Admitting the allegations about E.T. would violate that statute if Gresham were being tried for one of those offense, but he wasn't. Still, the point, one that has some social value and seems sensible, is that there's something offensive about accusing a victim of bad behavior. The courts frown on that.

Finally, on the fourth hand, there's the hearsay rule. Hearsay is a legal quagmire, but the idea is simple enough. Unless there's some exception that applies (and there are dozens of exceptions), statements made out of court aren't admissible in court in order to prove the substance of the statement. So, for instance, "Fred told me that Joe shot him" won't normally be admitted into evidence at Joe's trial for shooting Fred.

Everyone in this case was deeply upset by the hearsay. Except it wasn't hearsay because Gresham wasn't saying that E.T. was a drug addict and prostitute. He was saying that there had been complaints about E.T. being a drug addict and prostitute. It's a subtle distinction, perhaps, but not even a close call in this case. But nobody - including it seems Gresham's lawyers - noticed it.

The trial judge was horrified by what Gresham had said.
My problem isn’t just the hearsay part of it. My problem is the bell is rung and there’s now accusation [sic] right now flying out there that are completely unfounded, completely uninvestigated, completely inappropriate and inadmissible in this case.
The prosecutor took a hint and asked for a mistrial. The judge agreed, dismissed the jury, and announced that the case would be tried again.

That's where the whole double jeopardy thing kicks in. After all, the state had taken a shot at trying Gresham, then the state asked to stop the trial and start over. Double jeopardy ordinarily prohibits that sort of thing. But it happened. A different judge did the trial this time, and Gresham was convicted.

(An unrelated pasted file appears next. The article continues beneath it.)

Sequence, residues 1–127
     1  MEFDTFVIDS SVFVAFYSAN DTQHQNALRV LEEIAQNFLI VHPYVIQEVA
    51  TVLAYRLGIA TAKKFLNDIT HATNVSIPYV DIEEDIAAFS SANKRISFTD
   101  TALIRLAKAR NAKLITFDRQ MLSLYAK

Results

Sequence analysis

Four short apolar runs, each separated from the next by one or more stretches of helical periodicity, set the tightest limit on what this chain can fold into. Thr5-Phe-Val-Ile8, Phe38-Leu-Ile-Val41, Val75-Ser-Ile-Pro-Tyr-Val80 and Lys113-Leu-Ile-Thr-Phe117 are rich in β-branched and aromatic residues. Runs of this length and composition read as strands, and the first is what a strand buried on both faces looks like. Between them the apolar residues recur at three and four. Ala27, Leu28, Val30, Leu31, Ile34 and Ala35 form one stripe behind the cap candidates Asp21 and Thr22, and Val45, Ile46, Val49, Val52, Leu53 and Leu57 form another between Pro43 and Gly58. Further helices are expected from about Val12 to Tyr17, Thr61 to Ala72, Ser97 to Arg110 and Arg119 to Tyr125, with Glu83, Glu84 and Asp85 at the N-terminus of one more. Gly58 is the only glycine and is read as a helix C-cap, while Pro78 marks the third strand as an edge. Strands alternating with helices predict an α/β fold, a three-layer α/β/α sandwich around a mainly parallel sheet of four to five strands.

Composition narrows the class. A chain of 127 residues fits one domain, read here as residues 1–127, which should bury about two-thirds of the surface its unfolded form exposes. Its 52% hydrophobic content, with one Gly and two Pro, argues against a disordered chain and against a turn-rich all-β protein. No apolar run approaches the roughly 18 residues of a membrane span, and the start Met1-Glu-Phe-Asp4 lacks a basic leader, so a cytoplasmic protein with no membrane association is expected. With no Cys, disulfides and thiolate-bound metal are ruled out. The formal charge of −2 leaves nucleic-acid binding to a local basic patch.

In his appeal, Gresham argued that the state had no right to try him a second time.
The court of appeals disagreed. It said in a correct statement of the law, that there's an exception to double jeopardy protections where the judge orders a mistrial out of "manifest necessity" (which the court is careful to explain is less necessary than actual necessity; think of it as close enough to necessity for goverment work).

In this case, the court said
Gresham’s testimony, however, that he was told by an unnamed resident that E.T. was sexually active and trading sex for drugs was clearly hearsay prohibited by Evid. R. 802, as well as inadmissible character evidence under Evid. R. 404(A)(2).
Except, again, the statement was clearly not hearsay, nor is it prohibited under Evidence Rule 404(A)(2). And, in fact, if it were prohibited by those things, the prohibition might be unconstitutional in violation of Gresham's rights under the Sixth Amendment.

But the court wasn't done.
The trial court, however, found that the taint from the objectionable testimony was so great that a curative instruction would not suffice. Under the circumstances presented in the instant case, we agree.